How Do I Know if I Have a Tooth Infection?

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Written and Medically Reviewed by

Medically Reviewed

This article is based on scientific evidence, written by experts and fact checked by experts. Dr. Daniel Cho strives to provide unbiased and honest feedback regarding dental topics. This article contains scientific references. The numbers in the parentheses (1, 2, 3) are clickable links to peer-reviewed scientific papers.

A tooth infection can be an excruciating experience, depending on how long it’s been forming. However, it’s not always possible to confirm, using a self-diagnosis, if it has taken root or if something else entirely is happening.

The dentist is the first person to call for a suspected tooth infection, but sometimes, the wait is much longer than you’d like! While waiting to see a dentist, various factors help patients distinguish it from other painful dental issues.

What is a Tooth Infection?

A tooth infection, also known as a tooth abscess, is a collection of bacteria and pus underneath the gum or inside the jawbone. Some tooth infections are straightforward to treat and resolve after starting a round of antibiotics, possibly drain any infection, then remove the source of the infection with a root canal or extraction. However, it’s common for dental or tooth infections to require a serious resolution, if there is a lot of destruction of bone.

There are more than one type of tooth infection. Endodontic infections happen within the bone near the root, while periodontal infections can happen under the gums. Both types of infections typically involve the jawbone in some form, and both are painful. 

How Do You Get a Tooth Infection?

Our mouths are full of bacteria from food, plaque, and saliva. Occasionally, this bacteria enters a tooth or space below the gum line and forms an abscess, but this rarely happens with healthy teeth The most common form of entry is through a cavity that gets to the nerve, or a carious lesion.

Though it may go unnoticed initially, they’re typically quite painful once the abscess begins to grow. Most people will know that something is wrong with the infected tooth, as with symptoms such as bite and extreme cold sensitivity, swelling and severe pain.It’s crucial to have a dentist look at a suspected tooth infection as soon as possible.

Can a Tooth Infection Make You Sick?

Depending on the severity of the infection, yes, a tooth infection can make a person sick, ranging from feeling just a bit off to death. The range of symptoms is vast, which is why professional intervention is recommended immediately. While it’s rare for a it to spread through the body, it’s not uncommon for it to affect other parts of the face and mouth.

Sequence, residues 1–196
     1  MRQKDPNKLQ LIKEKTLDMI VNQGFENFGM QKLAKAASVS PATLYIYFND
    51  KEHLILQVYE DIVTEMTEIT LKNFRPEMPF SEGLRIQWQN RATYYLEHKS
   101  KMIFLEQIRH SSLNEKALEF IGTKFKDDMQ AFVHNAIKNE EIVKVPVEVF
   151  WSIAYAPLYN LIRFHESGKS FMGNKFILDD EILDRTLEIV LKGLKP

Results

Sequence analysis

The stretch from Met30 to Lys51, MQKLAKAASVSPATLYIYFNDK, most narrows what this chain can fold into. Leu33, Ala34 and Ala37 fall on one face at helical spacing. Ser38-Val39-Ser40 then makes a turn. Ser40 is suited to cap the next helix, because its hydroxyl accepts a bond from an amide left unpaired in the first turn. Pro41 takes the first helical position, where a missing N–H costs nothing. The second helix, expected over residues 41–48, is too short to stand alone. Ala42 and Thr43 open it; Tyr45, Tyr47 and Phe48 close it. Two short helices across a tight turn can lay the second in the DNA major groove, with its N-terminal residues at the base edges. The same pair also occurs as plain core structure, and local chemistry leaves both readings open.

Some people may have swelling, making it difficult to eat or open and close their mouths. If an infected tooth is left untreated, it’s possible to develop a fever as the body attempts to rid itself of a persistent infection. There’s no doubt that dental infections can cause extreme pain, with most patients reporting at 8 out of 10 on the pain scale. This pain level can make going about your day anything extremely difficult, from the activities in your normal daily routine to sleeping.

How Dangerous is a Tooth Infection?

A tooth infection can be hazardous if left unattended for too long.In most cases, an infection means that the nerve in the tooth is dead, or partially dead. 

While tooth infections are rarely deadly, they can cause sepsis if left untreated long enough, which will require ICU care or, in extreme cases, death. A toothache that won’t subside is a reason for a dental visit, as it could be the beginnings of a painful tooth infection.

A good rule of thumb is the longer a tooth infection goes untreated; the more involved the actual treatment will be. Don’t ignore tooth pain, as a cavity that goes untreated can lead to costly care and a deeper infection level.

What Kind of Pain is Common with a Tooth Infection?

The most common pain associated with a tooth abscess is a low, radiating pain that often spreads to the jawbone, neck, and ear on the same side as the affected tooth. Sufferers may also experience sensitivity to hot and cold temperatures and chewing or biting.